On the surface this classic adventure is really no more far fetched than many of the stories written today; but the world was a much bigger place a hundred years ago, and what with today's GPS and Google Earth on every home PC, it may take a little more effort to accept the storyline. The same adventure written today would likely have to take place on a distant planet in a far off galaxy, but the thrill of this was the possibility that somewhere in a remote region of our own planet such a place might just still exist?

Like I said it is two very different stories joined together; and I for one couldn't wait for the prehistoric dino-rampage to begin, so it lost one star from my perspective. Do read the second instalment 'The people that time forgot' which for me ticked all the right boxes.

Worthwhile reading - YES. ( )
  Sylak | Jan 26, 2010 |
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» Add other authors (5 possible)

Author nameRoleType of authorWork?Status
Edgar Rice Burroughsprimary authorall editionsconfirmed
Carter, LinForewordsecondary authorsome editionsconfirmed
Krenkel, Roy G.Cover artistsecondary authorsome editionsconfirmed
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It must have been a little after three o'clock in the afternoon that it happened - the afternoon of June 3rd, 1916.
Last words
(Click to show. Warning: May contain spoilers.)
Disambiguation notice
This is the first volume of the three Caspak books, and should not be combined with the Caspak trilogy, sometimes called "The Land That Time Forgot" as well.
{need a better definition than this, since these three books ARE a trilogy. Are you referring to an omnibus where all three are in the same volume?}
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Book description
When adventurer Bowen Tyler was taken captive aboard an enemy submarine, he never dreamed that his voyage would end in a land where time itself was prisoner. But in the uncharted seas at the bottom of the world Tyler and the crew of the U-33 discovered the mysterious forgotten continent of Caspak, where the savage denizens of a thousand lost ages roamed vast primeval jungles.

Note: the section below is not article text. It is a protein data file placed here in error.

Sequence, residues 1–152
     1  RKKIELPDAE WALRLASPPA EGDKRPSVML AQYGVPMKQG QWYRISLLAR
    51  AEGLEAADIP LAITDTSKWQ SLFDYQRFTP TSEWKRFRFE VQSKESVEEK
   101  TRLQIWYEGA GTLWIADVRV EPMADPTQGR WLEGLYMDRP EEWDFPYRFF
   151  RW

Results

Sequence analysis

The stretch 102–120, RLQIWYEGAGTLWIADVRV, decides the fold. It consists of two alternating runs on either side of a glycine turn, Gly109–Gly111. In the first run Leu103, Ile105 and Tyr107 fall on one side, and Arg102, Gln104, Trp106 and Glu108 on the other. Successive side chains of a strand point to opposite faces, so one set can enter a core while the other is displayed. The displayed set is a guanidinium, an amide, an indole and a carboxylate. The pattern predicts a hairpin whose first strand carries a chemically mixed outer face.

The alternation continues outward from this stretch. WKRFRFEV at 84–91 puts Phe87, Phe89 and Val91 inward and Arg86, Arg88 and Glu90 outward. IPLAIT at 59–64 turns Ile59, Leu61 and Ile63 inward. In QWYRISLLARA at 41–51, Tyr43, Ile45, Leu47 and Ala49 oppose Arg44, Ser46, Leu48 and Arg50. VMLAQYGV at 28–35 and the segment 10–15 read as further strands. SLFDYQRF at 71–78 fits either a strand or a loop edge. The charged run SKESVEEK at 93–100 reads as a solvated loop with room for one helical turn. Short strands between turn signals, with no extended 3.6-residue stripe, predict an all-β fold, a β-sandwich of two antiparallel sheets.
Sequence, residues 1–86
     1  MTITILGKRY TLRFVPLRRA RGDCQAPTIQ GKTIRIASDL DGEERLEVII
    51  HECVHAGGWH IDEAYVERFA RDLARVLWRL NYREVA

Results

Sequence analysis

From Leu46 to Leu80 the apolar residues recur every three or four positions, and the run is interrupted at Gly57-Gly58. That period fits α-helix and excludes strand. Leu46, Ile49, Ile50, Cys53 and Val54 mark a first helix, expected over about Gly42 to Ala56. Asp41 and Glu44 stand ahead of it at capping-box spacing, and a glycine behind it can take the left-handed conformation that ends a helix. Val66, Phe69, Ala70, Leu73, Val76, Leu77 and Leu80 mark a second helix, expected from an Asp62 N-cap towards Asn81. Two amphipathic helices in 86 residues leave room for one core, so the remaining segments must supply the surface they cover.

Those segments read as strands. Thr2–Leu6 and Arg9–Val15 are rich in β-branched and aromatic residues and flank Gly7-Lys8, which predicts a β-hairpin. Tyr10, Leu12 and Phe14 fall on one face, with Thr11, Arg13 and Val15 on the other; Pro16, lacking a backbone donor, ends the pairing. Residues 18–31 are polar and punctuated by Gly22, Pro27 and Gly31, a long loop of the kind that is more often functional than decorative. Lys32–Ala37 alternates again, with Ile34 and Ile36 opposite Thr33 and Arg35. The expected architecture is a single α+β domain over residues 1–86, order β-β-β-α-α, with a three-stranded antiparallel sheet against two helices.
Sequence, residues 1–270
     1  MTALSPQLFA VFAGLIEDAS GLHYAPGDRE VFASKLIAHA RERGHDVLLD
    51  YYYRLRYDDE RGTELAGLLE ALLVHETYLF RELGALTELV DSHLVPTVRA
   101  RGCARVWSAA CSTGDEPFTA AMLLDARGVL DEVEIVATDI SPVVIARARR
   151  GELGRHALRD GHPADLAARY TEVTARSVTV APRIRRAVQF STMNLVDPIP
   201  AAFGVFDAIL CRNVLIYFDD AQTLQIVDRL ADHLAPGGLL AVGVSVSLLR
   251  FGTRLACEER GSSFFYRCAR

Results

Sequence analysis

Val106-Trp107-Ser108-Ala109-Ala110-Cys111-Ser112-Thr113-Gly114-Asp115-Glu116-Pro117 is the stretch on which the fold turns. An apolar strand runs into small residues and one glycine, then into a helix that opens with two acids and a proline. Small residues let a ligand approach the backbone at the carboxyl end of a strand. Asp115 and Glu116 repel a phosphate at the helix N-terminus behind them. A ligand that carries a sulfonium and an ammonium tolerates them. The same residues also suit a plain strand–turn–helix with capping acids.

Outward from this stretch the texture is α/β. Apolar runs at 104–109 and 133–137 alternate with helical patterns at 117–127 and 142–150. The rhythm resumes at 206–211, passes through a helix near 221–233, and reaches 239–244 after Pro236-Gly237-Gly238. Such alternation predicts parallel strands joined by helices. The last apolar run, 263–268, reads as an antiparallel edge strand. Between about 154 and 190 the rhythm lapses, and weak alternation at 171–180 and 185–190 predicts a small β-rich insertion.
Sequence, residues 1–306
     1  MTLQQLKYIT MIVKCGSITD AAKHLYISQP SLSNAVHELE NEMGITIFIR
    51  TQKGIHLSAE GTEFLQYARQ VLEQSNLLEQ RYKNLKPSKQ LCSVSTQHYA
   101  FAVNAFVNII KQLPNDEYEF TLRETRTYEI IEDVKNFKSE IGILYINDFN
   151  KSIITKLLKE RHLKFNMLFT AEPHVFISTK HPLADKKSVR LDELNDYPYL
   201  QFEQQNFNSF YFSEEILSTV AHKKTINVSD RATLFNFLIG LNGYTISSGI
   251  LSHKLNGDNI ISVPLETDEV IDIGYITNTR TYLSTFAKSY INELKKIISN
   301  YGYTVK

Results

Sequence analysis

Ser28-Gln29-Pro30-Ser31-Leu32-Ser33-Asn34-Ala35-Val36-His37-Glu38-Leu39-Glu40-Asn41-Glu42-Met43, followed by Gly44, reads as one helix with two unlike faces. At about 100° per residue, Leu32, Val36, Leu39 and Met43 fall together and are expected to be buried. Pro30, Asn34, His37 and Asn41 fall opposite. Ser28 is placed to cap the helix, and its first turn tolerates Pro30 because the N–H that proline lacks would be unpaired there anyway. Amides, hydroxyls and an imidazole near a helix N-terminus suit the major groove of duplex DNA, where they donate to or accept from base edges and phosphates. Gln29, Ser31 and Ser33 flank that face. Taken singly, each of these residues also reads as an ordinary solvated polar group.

Surrounded by dinosaurs and Bronze Age warriors, saber-toothed tigers and cunning beast-men, Bowen Tyler began to unravel the incredible secret of Caspak - even as he battled to save the life of the woman he loved.


At the sight of me, the huge reptile charged and climbed to the deck. I let it have a bullet right between the eyes. The thing opened its mighty jaws to grab me as I tumbled backward into the tower.

Olson commenced chopping away at the hideous face, but the thing had insufficient brain to entertain more than a single idea at once. Though chopped and hacked, with a bullet-hole between its eyes, it still persisted madly in its attempt to get inside the tower and devour us, nor did it cease its efforts until Olson had decapitated it ....
Haiku summary

Amazon.com Amazon.com Review (ISBN 0803261543, Paperback)

Edgar Rice Burroughs (1875-1950) was a prodigiously productive writer of pulp fictions--literary entertainments, that is, published in inexpensive, easily obtained periodicals. His style was simple and instantly accessible, his stories riveting if often implausible tales of adventure, and of good overcoming evil. Burroughs wasn't much of an artist. But, as Mike Resnick writes in his introduction to this commemorative edition of Burroughs's immensely popular trilogy The Land That Time Forgot, first published in 1924, almost every book Burroughs wrote remains in print, and countless readers turn to his Mars and Tarzan novels every day.

In Land, Burroughs concocts a fabulous microworld, located somewhere in the South Pacific, called Caspak. On this mountainous island live winged, humanlike creatures, dinosaurs, ferocious beasts of prey, Neanderthals, "wild ape-men," and monstrous reptiles; they terrorize each other, to say nothing of the mixed crew of World War I-era adventurers who inadvertently land on a Caspakian beach and fight their way across the island, dining on Plesiosaurus steaks and having a grand old time in the company of a jungle princess. The story streaks onward like a bullet toward its surprise ending, and it's pure fun all the way. --Gregory McNamee

(retrieved from Amazon Thu, 12 Mar 2015 18:19:27 -0400)

(see all 6 descriptions)

"Caspak..a mysterious and menacing island is lost in time. Here you'll find tribes or primitive ape-like cave-dwellers, huge pterodactyls that soar on their bat-like wings, and mighty dinosaurs that prowl the dark shadows of primeval forests. What fate lies in wait for the only humans from the modern world to ever set foot upon this accursed land?"--p.4 of cover.… (more)

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Average: (3.45)
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2 9
2.5 2
3 32
3.5 12
4 23
4.5 2
5 11